The USAF indicated last year that according to its “4+1” fighter roadmap, it plans to keep flying the F-16 well into the 2030s, assuring potential buyers of a strong pipeline for parts and support into the next decade. As already reported, the US Air Force (USAF) has decided to modify 608 Block 40 and 50 jets to that standard. In one of the largest modernization efforts in the USAF history, 608 F-16s – comprised of Blocks 40 and 50 – will undergo up to 22 modifications designed to improve lethality and ensure the fourth-generation fighter remains effective in meeting current and future threats. The service has also apparently dropped plans for an F-16 replacement.
The USAF F-16s are being fitted with active electronically-scanned array radars to expand the sensing range of the aircraft, the number of targets it can track, and the modes with which it can prosecute ground targets.
The jets will also get a host of other upgrades such as a new EW (electronic warfare) which, along with the radar, are the big mods being done on the fighter.
Most of the Air Force’s F-16s will also eventually wear the “Have Glass” finish, which substitutes a new radar-absorbing coating for the jet’s traditional gray-on-gray paint scheme.
While Lockheed Martin has tooled for four aircraft a month, “we are always evaluating and looking at ways to increase production to meet customer needs,” the spokesperson said.
“New digital engineering technologies have been implemented into the production line to maximize efficiency and decrease span time. Additionally, we have added more suppliers for certain components, such as our Johnstown, Pennsylvania, facility, to allow us to meet current program needs and future opportunities for new production F-16s,” she said.
The F-16A, a single-seat model, first flew in December 1976. The first operational F-16A was delivered in January 1979 to the 388th Tactical Fighter Wing at Hill Air Force Base, Utah.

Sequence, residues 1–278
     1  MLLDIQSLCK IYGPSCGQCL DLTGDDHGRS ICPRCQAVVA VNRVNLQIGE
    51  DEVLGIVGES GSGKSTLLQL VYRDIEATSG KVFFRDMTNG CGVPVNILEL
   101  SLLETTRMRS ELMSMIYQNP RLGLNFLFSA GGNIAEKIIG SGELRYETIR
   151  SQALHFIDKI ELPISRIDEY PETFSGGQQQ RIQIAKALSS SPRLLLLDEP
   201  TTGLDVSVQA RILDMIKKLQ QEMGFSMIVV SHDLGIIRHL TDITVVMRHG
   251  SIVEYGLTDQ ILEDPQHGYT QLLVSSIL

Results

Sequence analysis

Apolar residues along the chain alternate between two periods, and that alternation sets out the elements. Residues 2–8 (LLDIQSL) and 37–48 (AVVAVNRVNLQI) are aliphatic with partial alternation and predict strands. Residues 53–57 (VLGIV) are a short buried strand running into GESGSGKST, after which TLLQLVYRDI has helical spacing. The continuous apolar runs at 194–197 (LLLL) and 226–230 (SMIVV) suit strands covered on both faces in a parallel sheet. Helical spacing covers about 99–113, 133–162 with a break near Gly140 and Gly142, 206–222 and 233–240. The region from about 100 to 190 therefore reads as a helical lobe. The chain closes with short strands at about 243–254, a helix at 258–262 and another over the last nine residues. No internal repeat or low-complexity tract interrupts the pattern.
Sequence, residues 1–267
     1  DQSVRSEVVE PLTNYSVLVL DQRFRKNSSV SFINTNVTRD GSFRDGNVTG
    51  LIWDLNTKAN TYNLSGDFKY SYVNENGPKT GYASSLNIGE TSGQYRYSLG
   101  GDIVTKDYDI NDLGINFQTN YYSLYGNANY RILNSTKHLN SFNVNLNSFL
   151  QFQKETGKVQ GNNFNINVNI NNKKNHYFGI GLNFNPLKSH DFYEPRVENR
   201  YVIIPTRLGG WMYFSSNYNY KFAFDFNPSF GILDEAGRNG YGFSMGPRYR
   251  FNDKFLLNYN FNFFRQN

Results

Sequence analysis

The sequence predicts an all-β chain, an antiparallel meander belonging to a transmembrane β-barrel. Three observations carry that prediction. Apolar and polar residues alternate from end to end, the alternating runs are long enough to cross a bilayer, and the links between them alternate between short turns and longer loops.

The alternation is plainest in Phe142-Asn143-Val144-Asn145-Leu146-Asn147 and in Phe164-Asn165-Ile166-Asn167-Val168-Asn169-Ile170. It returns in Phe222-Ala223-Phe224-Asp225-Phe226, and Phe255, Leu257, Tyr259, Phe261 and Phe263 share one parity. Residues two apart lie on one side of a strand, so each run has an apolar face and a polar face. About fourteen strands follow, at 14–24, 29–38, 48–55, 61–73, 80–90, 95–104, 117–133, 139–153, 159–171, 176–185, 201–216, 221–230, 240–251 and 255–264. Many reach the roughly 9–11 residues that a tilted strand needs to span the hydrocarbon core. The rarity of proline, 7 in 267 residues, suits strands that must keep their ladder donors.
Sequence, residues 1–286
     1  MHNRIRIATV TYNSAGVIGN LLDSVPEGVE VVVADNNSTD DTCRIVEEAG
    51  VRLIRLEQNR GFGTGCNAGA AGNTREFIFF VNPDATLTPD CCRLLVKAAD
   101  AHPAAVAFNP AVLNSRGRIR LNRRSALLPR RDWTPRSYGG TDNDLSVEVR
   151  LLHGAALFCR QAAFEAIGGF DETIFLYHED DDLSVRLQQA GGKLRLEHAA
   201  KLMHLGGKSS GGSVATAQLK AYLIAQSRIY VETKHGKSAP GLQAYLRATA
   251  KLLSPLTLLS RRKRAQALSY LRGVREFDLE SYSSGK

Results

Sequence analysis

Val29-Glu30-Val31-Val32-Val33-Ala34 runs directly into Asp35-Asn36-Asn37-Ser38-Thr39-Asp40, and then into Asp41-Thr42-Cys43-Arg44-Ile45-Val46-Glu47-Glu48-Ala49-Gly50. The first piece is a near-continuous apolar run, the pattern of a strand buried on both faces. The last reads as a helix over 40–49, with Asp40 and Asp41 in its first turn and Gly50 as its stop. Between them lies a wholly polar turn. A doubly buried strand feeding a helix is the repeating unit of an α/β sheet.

The F-16B, a two-seat model, has tandem cockpits that are about the same size as the one in the A model.
All F-16s delivered since November 1981 have built-in structural and wiring provisions and systems architecture that permit expansion of the multirole flexibility to perform precision strike, night attack and beyond-visual-range interception missions. This improvement program led to the F-16C and F-16D aircraft, which are the single- and two-place counterparts to the F-16A/B.
The Block 70/72 is the newest and most advanced F-16 production configuration, combining numerous capability and structural upgrades.
The F-16 Block 70/72 in fact combines capability upgrades, most notably the advanced Active Electronically Scanned Array (AESA) radar with a new avionics architecture, and structural upgrades to extend the structural life of the aircraft by more than 50 percent beyond that of previous production F-16 aircraft. F-16 Block 70/72 software takes advantage of technologies not available when earlier Block F-16s were developed and produced. Operational capabilities are enhanced through an advanced datalink, targeting pod and weapons; precision GPS navigation and the Automatic Ground Collision Avoidance System (Auto GCAS).
Photo credit: Lockheed Martin